One of the returnees, Amira Abdel Noor, 19, said her family had come back a week ago after having lived in a suburb of Beirut for the last seven years.

"We feel happy about the Israelis, because we wanted to come back, damage or not," she said.

Apparently less content was Nellie Andraos, who said she had left for a year after the Palestinians invaded, then returned and stayed until a few weeks ago when the Israeli attack forced her again to leave briefly.

"That's my house over there, all fallen in," she said, pointing across the street to a heavily damaged building. "How am I supposed to stay there?" She said that Israeli air raids had caused the damage. A huge bomb crater is about 20 yards away from the relative's house in which she now stays.

Up the hill from the cluster of houses stands another church that had been taken over by Palestinian guerrillas. Inside, discarded helmets, ammunition boxes and uniforms lie scattered among the piles of rubble. A dome that once covered the church now contains gaping holes from Israeli bombs.

According to one of the Israeli guides, who gave his name only as "Mike," the church and nearby buildings were used as "advance posts" by the PLO to observe the road to Beirut. Holding an Israeli Uzi submachine gun that looked small in his large hands, Mike said that the bombing of Nelli Andraos' house, located near the PLO installations, could not be helped.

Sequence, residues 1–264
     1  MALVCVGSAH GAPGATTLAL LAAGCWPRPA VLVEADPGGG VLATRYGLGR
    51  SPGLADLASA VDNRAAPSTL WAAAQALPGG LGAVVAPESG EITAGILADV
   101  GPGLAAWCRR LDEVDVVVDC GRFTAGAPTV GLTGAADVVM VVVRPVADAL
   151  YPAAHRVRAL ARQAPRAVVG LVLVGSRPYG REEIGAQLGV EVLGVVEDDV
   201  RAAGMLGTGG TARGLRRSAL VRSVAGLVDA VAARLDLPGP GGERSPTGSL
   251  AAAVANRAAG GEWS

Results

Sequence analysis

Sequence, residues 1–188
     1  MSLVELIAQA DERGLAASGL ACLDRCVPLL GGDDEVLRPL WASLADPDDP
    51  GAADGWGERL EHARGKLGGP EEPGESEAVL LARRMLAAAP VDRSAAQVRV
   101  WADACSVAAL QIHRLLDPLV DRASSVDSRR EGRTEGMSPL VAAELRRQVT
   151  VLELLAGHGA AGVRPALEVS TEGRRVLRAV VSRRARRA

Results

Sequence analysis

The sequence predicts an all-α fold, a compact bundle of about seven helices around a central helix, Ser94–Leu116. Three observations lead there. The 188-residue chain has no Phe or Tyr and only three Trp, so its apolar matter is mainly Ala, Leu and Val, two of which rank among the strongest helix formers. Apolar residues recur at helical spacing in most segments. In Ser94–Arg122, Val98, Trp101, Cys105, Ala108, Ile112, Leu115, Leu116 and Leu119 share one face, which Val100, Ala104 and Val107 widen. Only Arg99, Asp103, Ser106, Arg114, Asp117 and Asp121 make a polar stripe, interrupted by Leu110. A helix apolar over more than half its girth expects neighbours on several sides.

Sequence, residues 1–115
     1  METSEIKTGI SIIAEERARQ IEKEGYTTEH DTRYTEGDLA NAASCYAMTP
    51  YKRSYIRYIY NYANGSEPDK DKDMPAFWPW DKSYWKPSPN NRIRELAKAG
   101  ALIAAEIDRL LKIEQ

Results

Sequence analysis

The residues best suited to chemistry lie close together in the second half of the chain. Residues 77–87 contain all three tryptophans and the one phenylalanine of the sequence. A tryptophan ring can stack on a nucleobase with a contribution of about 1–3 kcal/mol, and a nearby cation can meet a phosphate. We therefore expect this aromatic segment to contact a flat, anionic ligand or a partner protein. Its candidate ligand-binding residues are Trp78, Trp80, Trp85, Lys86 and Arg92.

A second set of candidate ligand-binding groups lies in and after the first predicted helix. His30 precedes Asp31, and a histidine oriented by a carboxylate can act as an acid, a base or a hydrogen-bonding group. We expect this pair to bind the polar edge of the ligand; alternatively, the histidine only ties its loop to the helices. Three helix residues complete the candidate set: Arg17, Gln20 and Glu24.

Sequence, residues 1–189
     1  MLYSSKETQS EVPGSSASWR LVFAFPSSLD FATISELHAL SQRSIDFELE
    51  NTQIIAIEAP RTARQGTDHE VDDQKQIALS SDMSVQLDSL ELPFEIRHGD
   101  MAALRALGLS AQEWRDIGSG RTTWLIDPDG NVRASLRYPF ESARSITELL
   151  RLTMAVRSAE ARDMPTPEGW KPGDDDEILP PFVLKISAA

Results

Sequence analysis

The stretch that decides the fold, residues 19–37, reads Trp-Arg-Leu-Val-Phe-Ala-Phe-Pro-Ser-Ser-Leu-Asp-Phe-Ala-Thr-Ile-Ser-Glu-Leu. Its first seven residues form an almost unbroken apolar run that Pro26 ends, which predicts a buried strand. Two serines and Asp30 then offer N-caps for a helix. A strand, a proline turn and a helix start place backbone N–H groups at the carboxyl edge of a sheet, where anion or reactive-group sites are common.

"Certainly Israeli Army intelligence is very good, but I don't think we know who is sitting in every house."

Apparently less explicable was the destruction of tin shantytowns on either side of the road to Beirut near the town of Khalde. The escort officer said that the demolished shanties had been run over by tanks, but he could not explain who had ordered the destruction or why.

According to a Lebanese resident, the shanties had been built by migrants under the aegis of the Syrian Army, which had been active in the area before the Israeli invasion. The presence of the shacks evidently was resented by longtime inhabitants who now live under the protection of the Israelis. One shanty that was still standing by the road to Beirut was burning as Christian militiamen stood by.